The game theoretical and experimental literature has found ample support for the hypothesis that “face-to-face communication in presence” increases trust and trustworthiness (crucial components of social capital) and, with them, the likelihood of cooperative solutions in social dilemmas. We argue that web exposure increases the share of non-face-to-face relationships that are poorer in terms of creation of interpersonal social capital. We find support for our theoretical hypothesis with an empirical analysis on the European Social Survey since the average time daily spent on the web negatively and significantly affects interpersonal trust. The effect is nonlinear and stronger for women, for the low educated, and for individuals with poorer relational life.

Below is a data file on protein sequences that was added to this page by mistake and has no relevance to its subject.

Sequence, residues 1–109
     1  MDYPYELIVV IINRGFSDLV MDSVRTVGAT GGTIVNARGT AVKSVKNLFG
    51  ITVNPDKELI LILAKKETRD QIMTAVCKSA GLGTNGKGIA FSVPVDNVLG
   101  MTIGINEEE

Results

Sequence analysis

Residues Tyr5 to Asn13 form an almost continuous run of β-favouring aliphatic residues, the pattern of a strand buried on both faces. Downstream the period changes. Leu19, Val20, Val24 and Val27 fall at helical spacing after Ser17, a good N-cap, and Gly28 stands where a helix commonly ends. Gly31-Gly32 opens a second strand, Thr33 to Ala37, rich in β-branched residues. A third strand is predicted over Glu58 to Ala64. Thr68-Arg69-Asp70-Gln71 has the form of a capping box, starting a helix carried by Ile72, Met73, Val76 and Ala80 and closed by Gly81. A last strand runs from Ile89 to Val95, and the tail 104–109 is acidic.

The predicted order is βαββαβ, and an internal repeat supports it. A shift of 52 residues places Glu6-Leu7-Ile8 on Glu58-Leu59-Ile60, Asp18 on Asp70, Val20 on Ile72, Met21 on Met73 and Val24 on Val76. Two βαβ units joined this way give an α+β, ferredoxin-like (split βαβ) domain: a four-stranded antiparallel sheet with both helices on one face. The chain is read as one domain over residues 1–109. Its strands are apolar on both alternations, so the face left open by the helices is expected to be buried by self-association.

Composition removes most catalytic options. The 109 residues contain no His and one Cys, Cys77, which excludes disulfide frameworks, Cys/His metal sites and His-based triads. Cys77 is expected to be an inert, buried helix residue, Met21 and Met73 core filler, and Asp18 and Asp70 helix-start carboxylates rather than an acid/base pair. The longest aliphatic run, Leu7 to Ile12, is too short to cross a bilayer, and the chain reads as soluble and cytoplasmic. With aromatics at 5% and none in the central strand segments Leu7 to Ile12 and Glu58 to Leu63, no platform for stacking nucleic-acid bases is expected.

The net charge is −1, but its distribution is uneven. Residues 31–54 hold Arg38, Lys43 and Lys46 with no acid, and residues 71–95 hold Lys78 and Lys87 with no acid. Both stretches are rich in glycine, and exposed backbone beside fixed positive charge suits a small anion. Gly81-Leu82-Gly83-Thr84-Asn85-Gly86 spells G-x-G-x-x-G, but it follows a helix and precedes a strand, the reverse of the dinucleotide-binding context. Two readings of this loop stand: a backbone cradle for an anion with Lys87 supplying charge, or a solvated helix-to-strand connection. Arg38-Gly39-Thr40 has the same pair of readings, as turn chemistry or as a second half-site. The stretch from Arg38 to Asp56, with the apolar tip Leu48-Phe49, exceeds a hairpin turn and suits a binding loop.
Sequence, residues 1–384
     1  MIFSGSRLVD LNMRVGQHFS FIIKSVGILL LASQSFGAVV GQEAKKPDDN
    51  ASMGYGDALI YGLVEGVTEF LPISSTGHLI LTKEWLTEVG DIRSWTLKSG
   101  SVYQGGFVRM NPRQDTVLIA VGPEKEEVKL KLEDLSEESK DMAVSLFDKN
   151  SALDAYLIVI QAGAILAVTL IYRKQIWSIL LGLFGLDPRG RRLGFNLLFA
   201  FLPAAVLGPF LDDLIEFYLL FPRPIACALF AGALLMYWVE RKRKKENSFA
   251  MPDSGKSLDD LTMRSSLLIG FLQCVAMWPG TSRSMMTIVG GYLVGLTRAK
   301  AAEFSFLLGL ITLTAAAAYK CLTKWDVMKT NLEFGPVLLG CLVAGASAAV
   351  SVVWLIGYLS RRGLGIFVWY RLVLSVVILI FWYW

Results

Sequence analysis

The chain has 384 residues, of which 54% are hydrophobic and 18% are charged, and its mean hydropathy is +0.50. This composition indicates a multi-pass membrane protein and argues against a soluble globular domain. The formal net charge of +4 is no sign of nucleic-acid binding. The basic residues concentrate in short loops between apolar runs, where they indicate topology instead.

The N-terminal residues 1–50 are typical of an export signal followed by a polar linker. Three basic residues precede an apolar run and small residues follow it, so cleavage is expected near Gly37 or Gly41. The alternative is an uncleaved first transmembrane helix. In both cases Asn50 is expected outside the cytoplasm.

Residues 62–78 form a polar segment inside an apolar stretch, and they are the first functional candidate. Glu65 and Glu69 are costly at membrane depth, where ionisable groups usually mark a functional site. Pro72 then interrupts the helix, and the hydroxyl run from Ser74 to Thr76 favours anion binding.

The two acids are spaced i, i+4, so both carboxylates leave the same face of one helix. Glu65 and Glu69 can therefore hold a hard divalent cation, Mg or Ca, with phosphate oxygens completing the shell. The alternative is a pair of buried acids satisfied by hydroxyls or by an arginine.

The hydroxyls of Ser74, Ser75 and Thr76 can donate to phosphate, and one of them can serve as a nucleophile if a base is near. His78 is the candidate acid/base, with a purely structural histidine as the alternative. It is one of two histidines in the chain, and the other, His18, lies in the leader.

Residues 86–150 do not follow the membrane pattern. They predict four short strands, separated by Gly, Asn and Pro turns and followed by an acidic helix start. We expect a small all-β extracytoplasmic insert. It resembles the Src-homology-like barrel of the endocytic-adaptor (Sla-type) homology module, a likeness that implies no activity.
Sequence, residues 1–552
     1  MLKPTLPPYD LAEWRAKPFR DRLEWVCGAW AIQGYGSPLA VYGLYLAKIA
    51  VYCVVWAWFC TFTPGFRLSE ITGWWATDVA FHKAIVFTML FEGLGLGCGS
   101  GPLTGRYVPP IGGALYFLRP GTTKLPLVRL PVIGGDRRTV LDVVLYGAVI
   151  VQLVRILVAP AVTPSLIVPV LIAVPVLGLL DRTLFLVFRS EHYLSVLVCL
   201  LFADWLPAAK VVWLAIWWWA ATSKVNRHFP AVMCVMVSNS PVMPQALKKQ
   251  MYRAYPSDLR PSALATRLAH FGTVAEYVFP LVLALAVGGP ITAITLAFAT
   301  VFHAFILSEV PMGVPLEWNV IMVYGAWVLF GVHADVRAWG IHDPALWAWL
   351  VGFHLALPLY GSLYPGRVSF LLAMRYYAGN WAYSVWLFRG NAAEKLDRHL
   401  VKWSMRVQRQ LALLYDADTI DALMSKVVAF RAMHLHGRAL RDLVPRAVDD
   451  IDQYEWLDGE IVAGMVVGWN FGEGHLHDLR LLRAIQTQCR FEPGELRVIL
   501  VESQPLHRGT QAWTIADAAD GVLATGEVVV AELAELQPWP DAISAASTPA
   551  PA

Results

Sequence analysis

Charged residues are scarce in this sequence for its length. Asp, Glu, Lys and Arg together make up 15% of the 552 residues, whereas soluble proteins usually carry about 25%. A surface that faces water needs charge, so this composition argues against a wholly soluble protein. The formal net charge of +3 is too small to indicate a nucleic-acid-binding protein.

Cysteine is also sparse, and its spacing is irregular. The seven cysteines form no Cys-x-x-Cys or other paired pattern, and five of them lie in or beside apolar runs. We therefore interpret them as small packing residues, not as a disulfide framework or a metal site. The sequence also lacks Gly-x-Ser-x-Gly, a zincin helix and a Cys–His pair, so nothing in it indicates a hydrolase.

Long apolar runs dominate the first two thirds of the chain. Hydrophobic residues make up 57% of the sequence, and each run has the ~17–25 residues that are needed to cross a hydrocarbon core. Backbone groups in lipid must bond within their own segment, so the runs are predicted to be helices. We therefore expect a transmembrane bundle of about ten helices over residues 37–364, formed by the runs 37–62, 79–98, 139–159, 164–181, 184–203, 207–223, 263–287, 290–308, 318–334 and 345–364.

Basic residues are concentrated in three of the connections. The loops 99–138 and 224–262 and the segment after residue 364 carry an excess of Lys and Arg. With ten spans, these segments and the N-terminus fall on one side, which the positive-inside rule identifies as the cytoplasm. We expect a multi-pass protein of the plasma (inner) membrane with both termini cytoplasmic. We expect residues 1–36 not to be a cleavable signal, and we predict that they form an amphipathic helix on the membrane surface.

trust; trustworthiness; web use; social capital